In a decision made final last week, Apple (s aapl) was ordered to pay out $27.1 million to OPTi, a semiconductor company that now deals only in licensing its intellectual property. The decision came down from Eastern District of Texas court judge Chad Everingham, and it is a penalty for patent infringement on Apple’s part.
The lawsuit, filed in January 2007 and tried before the court in April of this year, centered around the accusation by OPTi that Apple had violated a patent Opti held detailing “Predictive Snooping of Cache Memory for Master-Initiated Accesses.” I had no idea what it meant, either.
Turns out this is what it means, according to The Mac Observer:
When a PCI-bus controller receives a request from a PCI-bus master to transfer data with an address in secondary memory, the controller performs an initial inquire cycle and withholds TRDY# to the PCI-bus master until any write-back cycle completes. The controller then allows the burst access to take place between secondary memory and the PCI-bus master, and simultaneously and predictively, performs an inquire cycle of the L1 cache for the next cache line. In this manner, if the PCI burst continues past the cache line boundary, the new inquire cycle will already have taken place, or will already be in progress, thereby allowing the burst to proceed with, at most, a short delay. Predictive snoop cycles are not performed if the first transfer of a PCI-bus master access would be the last transfer before a cache line boundary is reached.
I’m slightly more informed now, but I’d be lying if I said I had the technical expertise to point out where exactly this kind of tech is being used in Apple products. Whatever the case, the judge thought it strong enough to decide in favor of OPTi. Which isn’t to say the matter is over with. Apple intends to appeal the decision, sources say, and it has a few channels to go through before it expends all of its options.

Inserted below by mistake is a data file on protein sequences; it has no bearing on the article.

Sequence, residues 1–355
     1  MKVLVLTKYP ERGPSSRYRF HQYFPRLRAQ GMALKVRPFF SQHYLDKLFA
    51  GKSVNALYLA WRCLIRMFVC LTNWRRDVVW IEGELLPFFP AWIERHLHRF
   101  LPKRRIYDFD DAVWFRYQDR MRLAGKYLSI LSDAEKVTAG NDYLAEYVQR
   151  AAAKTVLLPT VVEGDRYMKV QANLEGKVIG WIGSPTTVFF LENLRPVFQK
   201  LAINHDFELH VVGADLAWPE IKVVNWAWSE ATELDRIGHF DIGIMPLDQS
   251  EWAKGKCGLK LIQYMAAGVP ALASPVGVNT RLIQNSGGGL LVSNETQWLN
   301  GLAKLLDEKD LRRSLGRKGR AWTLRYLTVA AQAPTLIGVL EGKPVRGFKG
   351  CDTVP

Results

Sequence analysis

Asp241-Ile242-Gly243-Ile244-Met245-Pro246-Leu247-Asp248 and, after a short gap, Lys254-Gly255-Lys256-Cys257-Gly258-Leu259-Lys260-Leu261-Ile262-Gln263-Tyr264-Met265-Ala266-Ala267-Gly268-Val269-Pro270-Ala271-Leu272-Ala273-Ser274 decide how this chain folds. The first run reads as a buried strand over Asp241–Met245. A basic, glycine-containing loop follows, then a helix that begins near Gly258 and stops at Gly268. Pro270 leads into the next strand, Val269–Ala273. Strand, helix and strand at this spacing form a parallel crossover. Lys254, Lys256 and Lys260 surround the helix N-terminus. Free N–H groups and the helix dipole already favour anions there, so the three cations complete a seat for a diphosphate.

The good news for Apple with this ruling is that the judge found no evidence of “willful infringement,” meaning that any violation that occurred was just the innocent result of having used the same idea that OPTi had patented coincidentally, and not with the express purpose of ripping them off. As a result, Apple wasn’t required to pay OPTi’s legal fees in the matter, according to a press release (PDF) issued by the winning party.
While I understand the need for a system in which smaller companies can protect their intellectual property against much larger ones, cases like this, which aren’t exactly patent trolling but which involve a company whose sole purpose has become the licensing of ideas, really get my goat. The problem being, they affect Apple’s bottom line (which is why they’re fighting it so adamantly, even though $21.7 million isn’t a huge hit to them). Every time one of these suits goes against the Mac maker, the consumer ends up being the one who pays.